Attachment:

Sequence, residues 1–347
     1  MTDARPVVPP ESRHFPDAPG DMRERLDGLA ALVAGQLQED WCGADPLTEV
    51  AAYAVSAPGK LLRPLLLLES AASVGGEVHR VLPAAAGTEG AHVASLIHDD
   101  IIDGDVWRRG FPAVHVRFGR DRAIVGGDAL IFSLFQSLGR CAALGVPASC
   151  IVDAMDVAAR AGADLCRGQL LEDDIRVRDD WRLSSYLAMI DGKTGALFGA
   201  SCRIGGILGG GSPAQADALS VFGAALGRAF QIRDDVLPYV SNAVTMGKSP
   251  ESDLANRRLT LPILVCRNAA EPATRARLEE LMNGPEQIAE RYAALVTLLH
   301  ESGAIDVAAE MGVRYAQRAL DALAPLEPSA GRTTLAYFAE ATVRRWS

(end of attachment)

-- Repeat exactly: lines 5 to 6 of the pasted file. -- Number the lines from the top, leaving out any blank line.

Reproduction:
   151  IVDAMDVAAR AGADLCRGQL LEDDIRVRDD WRLSSYLAMI DGKTGALFGA
   201  SCRIGGILGG GSPAQADALS VFGAALGRAF QIRDDVLPYV SNAVTMGKSP